It's no secret that women, on average, live longer than men. In fact, according to the latest statistics from the National Center for Health Statistics, the gap is seven years, with men expected to live to age 71 and women to age 78. Why the difference?
Lifestyle may have something to do with it. According to the results of a nationwide survey of 1,250 adults conducted by Louis Harris and Associates for Men's Health magazine, women take better care of themselves.
When it comes to nutrition, for example, women are more likely than men to limit sodium (59 percent to 49 percent), fat (61 percent to 47 percent) and cholesterol (51 percent to 36 percent) in their diets. Also, 66 percent of the women surveyed include fiber in their diets, compared to 52 percent of the men.
Although men and women are equally likely to smoke, among the adults who drink alcohol, 12 percent more men than women say they drink more than "moderately" (defined as 14 drinks a week or five a day) and 19 percent fewer men say they don't avoid driving after drinking. Women also are more likely than men to wear seat belts (63 percent to 55 percent) and less likely to speed (36 percent to 53 percent).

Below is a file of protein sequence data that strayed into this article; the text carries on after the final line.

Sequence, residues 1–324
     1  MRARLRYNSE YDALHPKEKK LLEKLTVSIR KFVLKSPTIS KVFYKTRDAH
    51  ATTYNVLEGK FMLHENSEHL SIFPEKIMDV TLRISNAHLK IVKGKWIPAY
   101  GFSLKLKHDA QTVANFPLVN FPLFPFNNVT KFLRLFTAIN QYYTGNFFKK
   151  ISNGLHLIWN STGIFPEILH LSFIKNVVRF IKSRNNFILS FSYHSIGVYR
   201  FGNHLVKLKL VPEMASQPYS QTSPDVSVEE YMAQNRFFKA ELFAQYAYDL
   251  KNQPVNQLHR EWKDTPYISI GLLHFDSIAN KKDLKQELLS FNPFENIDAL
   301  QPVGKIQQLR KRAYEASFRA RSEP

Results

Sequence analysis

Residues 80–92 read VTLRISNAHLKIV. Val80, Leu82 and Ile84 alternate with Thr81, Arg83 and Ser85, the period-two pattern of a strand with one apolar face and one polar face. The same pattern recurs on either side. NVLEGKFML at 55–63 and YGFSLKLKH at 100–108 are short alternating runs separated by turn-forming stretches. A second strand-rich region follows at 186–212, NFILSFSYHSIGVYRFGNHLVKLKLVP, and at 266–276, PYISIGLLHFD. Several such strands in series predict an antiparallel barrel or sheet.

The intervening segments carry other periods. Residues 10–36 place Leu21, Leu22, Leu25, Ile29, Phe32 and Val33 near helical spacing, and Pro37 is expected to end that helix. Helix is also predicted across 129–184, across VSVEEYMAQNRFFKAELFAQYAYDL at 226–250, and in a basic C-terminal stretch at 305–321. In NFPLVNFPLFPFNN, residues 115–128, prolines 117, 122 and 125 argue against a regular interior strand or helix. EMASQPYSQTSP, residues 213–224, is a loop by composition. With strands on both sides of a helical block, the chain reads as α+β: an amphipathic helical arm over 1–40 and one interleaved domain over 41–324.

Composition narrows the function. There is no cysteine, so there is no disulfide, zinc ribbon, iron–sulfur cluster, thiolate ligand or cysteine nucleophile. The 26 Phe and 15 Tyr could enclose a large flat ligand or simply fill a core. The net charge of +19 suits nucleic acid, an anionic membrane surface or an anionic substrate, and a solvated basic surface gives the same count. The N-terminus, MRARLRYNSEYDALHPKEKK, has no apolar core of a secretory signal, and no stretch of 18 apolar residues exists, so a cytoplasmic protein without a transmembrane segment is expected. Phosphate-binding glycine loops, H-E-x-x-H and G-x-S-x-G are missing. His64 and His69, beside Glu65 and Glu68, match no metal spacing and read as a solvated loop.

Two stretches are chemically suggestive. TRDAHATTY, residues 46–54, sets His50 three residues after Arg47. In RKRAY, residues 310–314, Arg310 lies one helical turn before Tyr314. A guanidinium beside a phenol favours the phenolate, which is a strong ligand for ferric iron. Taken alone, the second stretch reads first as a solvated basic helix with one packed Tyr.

About the only good news for men is that they are better than women at getting regular exercise. Forty-three percent of the men surveyed said they participate in frequent, strenuous exercise, compared to 27 percent of the women.